Reishi mushroom has long been known to boost brain power, improve memory, sharpen concentration and focus, and offer benefits for brain rejuvenation.
Shénnóng Běncǎo Jīng from his ancient text states that Reishi is “useful for enhancing vital energy, increasing thinking faculty and preventing forgetfulness.” It can “refresh the body and mind, delay ageing, and enable one to live long.”
Taoists put a lot of emphasis on memory retention moving into old age. They believed sickness was caused by past transgressions, so older patients were required to remember and record their past transgressions, then destroy the records in order to maintain good health and longevity.
The polysaccharides and triterpene compounds in Reishi both exhibit significant neuroprotective effects.
The active triterpenes in Reishi were found to stimulate the production of nerve growth factor (NGF).
NGF is required by the brain and important sensory neurons to keep the entire nervous system strong and healthy. However, NGF does not freely cross the blood-brain barrier that easily, but it was found that Reishi acts as an astrocytic NGF inducer. The active constituents showed potent effects on the induction of NGF in primary astrocytes. They further found that Reishi enhanced mitochondrial biogenesis in the brain. (42)
Related: Lion's Mane Cognitive Function
Reishi mushrooms are commonly used to soothe allergy symptoms including hay fever. Japanese researchers discovered that Reishi acts as a natural antihistamine, and lanostan, one compound in Reishi helps inhibit the release of histamine and controls the body’s reaction to an allergen.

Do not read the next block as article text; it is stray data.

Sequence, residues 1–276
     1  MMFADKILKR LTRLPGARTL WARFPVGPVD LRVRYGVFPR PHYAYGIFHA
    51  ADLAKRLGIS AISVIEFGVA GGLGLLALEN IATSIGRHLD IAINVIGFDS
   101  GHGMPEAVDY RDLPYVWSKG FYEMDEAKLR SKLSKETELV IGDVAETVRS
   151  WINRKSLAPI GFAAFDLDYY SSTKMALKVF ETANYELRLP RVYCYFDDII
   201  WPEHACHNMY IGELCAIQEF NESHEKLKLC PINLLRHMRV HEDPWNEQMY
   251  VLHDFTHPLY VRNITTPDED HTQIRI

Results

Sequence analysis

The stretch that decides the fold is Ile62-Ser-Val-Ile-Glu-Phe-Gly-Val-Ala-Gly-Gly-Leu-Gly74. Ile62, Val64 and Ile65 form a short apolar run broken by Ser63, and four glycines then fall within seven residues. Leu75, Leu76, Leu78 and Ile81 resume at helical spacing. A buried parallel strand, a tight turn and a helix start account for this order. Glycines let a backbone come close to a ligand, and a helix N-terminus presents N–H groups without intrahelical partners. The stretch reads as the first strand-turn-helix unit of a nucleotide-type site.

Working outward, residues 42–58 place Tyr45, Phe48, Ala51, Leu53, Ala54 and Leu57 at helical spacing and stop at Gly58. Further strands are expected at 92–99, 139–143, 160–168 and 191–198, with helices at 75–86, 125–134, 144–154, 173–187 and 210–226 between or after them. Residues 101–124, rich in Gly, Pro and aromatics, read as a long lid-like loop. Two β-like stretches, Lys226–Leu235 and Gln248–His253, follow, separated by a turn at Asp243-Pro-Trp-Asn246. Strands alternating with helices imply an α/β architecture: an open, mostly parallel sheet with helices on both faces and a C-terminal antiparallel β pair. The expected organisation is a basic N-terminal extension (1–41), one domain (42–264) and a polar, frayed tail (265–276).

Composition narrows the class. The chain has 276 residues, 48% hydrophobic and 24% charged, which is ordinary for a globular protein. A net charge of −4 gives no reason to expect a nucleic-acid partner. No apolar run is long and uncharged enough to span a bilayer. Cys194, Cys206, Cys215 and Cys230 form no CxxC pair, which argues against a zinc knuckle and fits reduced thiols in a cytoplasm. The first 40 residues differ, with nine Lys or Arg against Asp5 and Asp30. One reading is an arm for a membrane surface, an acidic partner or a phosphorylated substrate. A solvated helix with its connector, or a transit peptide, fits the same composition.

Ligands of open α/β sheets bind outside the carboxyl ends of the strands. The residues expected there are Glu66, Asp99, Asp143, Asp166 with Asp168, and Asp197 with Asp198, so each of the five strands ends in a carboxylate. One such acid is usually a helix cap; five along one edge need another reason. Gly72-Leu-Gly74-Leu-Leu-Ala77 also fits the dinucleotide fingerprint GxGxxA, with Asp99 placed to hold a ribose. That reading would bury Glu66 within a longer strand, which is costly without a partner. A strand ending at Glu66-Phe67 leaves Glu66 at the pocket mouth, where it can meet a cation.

Studies show that Reishi may also benefit chronic bronchitis. The active constituent, cyclooctasulfur, effectively inhibits the release of histamine from mast cells and also stabilised mast cells simultaneously. (38,45,46)
The triterpene compounds in Reishi such as ganoderic acids also help reduce allergies and histamine reactions associated with asthma.
Clinical investigations show that Reishi mushroom promotes sleep and helps calm the nervous system. Reishi mushroom was used in folk medicine of China and Japan to treat insomnia, improve the quality of sleep and help reduce anxiety.
It’s still traditionally used by Chinese and Japanese herbalists for insomnia cases due to its "sleep-promoting factor.” (47)
It's believed the terpenoid compounds in Reishi help soothe the nerves and promote a sedative action that can positively effect neurasthenia and insomnia. Long-term use of Reishi was also shown to increase slow wave sleep (deep sleep). (48-50)
Reishi mushroom acts as a prebiotic in the gut to help establish good flora in the body.
Research studies have shown that mushroom polysaccharides, the long-chain essential sugars in mushroom cell-walls, have a prebiotic effect on the gut microbiome. Prebiotics are substances that feed the probiotics which in turn help stimulate and grow the beneficial bacteria in the gut. This is very important to support healthy gut flora.
Reishi may also be beneficial in supporting candida overgrowth.
Despite being a fungus and contrary to popular belief, Reishi shows terrific anti-fungal and antimicrobial properties. This study showed that Reishi significantly suppressed plant fungal pathogens. (51)
Research also shows that Reishi contains compounds that prevent the formation of ulcers. (1)
The high content of polysaccharide compounds in Reishi help promote cell regeneration and enhance the body’s natural ability to retain water and keep the skin hydrated.
Reishi mushroom benefits for skin are profound.
Reishi boosts skin-protective antioxidants, promotes blood circulation which improves the tone and elasticity of the skin, and helps clear up any skin problems.
Studies suggest that Reishi is “radioprotective,” meaning it can protect against the harmful effects of UV radiation and damaging DNA. This suggests the ability to support slow-ageing of the skin and protect against other skin issues. (52)